The Securities and Futures Commission (SFC) is an independent statutory body set up in 1989 to regulate the city’s securities and futures markets. It works to ensure orderly securities and futures market operations, to protect investors and help promote Hong Kong as an international financial centre and a key financial market in China. It is funded by levies on transactions conducted on the Stock Exchange of Hong Kong and the Hong Kong Futures Exchange, and by licence fees..
SFC's civil court pursuit raises concern
David Smyth and Warren Ganesh of Smyth & Co in association with RPC, analyse the regulator's pursuit of 'lesser spotted' hedge funds
David Smyth and Warren Ganesh
Much has been written recently about the Securities and Futures Commission's pursuit of alleged market misconduct. This has come on the back of the recent Court of Final Appeal judgment in the Tiger Asia Management & Ors versus SFC case last month.
The case decided that the SFC does have jurisdiction under section 213 of the Securities and Futures Ordinance to obtain final remedies against alleged "insider dealers" in the civil courts, without first needing to secure a criminal conviction or a determination from the Market Misconduct Tribunal.
Some have taken objection to the judgment, suggesting that the SFC's pursuit of alleged insider dealers in the civil courts, without first securing a criminal conviction, is objectionable.
In contrast, the appeal court describes the SFC as "protector of the collective interests of the persons dealing in the market".
As a matter of statutory construction, the judgment finds that it is enough for the SFC to obtain injunctions, restorative orders and the like in civil proceedings against alleged insider dealers if the civil court finds that there are "acts" amounting to contraventions of the relevant provisions of the Securities and Futures Ordinance.
The SFC considers insider dealing and market misconduct to be serious matters. Both are defined in parts of the ordinance and can take various forms.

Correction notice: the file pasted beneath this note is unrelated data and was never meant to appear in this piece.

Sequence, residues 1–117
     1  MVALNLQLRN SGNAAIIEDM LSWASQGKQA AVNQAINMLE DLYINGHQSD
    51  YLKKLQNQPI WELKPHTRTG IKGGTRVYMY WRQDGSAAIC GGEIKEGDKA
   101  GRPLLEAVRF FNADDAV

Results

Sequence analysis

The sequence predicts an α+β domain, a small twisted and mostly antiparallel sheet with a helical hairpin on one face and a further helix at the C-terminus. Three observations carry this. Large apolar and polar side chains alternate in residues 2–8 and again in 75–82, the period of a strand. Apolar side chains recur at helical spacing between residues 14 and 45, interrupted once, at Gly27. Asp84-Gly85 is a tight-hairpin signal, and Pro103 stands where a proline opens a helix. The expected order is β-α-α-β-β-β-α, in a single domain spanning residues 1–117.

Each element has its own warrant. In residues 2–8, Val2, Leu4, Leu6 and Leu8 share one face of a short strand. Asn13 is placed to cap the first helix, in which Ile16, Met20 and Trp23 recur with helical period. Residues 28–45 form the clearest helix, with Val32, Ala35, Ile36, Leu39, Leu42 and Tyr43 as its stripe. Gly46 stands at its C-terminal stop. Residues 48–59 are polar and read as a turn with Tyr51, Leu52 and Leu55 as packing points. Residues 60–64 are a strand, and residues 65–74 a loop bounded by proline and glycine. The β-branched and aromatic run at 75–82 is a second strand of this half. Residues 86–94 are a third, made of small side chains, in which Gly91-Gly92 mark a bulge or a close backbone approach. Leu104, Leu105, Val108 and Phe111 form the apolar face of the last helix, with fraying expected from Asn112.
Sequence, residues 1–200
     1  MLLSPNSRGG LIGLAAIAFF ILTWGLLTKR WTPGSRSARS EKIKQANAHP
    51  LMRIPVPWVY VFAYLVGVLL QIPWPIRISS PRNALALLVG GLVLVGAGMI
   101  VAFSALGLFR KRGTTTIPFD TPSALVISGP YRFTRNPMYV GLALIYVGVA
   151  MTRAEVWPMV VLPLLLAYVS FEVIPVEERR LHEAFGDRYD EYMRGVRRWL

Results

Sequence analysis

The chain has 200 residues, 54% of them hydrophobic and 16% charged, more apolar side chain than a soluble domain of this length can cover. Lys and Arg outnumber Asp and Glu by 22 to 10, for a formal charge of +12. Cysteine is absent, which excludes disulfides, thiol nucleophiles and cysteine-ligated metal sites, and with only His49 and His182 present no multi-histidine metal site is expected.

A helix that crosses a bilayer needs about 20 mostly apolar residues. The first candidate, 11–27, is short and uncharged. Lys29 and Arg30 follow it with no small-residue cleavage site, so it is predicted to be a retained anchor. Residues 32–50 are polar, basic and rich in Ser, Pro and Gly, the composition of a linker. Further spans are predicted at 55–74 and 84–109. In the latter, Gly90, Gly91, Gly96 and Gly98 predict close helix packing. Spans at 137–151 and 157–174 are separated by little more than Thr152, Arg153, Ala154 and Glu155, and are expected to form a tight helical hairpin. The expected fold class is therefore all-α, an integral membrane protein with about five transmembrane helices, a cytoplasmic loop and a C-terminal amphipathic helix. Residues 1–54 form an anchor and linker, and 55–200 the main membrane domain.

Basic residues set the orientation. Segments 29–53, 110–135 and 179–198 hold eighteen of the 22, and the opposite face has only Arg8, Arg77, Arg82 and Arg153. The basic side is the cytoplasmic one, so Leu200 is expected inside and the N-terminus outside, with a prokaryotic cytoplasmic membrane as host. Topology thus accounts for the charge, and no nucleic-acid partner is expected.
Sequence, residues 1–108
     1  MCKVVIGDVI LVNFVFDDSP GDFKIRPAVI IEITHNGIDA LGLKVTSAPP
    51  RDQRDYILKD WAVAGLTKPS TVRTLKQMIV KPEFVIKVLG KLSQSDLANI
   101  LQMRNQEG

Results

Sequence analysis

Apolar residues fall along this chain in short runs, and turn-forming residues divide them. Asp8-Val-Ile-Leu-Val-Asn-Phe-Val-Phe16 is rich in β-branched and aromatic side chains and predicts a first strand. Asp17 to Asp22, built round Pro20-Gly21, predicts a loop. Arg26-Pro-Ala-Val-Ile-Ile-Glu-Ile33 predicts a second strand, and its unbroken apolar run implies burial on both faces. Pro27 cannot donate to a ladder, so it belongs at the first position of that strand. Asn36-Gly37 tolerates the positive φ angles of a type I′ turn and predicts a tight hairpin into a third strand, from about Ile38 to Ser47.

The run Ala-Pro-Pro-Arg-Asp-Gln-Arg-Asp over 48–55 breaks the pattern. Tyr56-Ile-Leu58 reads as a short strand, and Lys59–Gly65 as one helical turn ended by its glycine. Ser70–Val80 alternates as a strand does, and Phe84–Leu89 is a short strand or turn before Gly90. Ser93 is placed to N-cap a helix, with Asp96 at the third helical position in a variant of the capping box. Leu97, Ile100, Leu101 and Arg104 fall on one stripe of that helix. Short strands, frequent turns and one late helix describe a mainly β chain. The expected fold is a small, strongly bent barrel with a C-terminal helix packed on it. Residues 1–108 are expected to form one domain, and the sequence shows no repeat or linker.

In essence (and without doing either justice), insider dealing is dealing in listed shares on the back of "inside information" or disclosing such information to another for the purpose of dealing. Market misconduct includes insider dealing, false trading, price rigging, disclosure of false or misleading information and market manipulation.
It is important to remember that there has been no finding that the defendants engaged in wrongdoing. The judgment decides an issue of jurisdiction, as a result of which the SFC can proceed with its civil claims in the High Court against New York hedge fund Tiger Asia and three of its senior personnel.
One anticipates that, for a number of possible reasons, the SFC will pursue this case in the civil courts to obtain declaratory relief and final orders.
Should the SFC succeed in the civil proceedings, that would help establish precedent for the use of section 213 powers. It might also send out a message to the market, particularly to those that trade locally listed shares from overseas.
In contrast, Market Misconduct Tribunal proceedings can sometimes appear rather pedestrian and criminal proceedings are of limited use with respect to those that trade locally listed shares from offshore. One can expect the SFC to make more use of civil proceedings in this context, now being touted as "the third way".
If the SFC succeeds in the civil proceedings and obtains judgment, it could seek to enforce it or try to secure a tidy settlement on the back of it. Tiger Asia has already settled related "insider dealing" claims brought by the Securities and Exchange Commission in the United States.
While there may be difficulties in quantifying any compensation due to "others" had the transactions under investigation not happened (not to mention trying to identify those others), this is unlikely to hold the SFC back in its pursuit of this case.
The senior echelons of the SFC driving this case forward may have their hands rather full at present, but they tend not to be known for "shrinking violet" qualities. They also have the lawyers and the resources to boot. In some respects, the parties in the case may be alike.
Who is right?
The appeal court's judgment comes as no surprise. Of the nine judges who heard the Tiger Asia case, eight found for the SFC on the issue of statutory construction and decisively so. Those that disagree are not necessarily wrong. However, they have a different perspective and a principled one, too.
There are certainly concerns. Adverse findings in a civil court might not hold up in a criminal court (with its greater defendant protections and higher standard of proof). However, as Lord Hoffmann states in giving the unanimous judgment of the appeal court: "These things happen."
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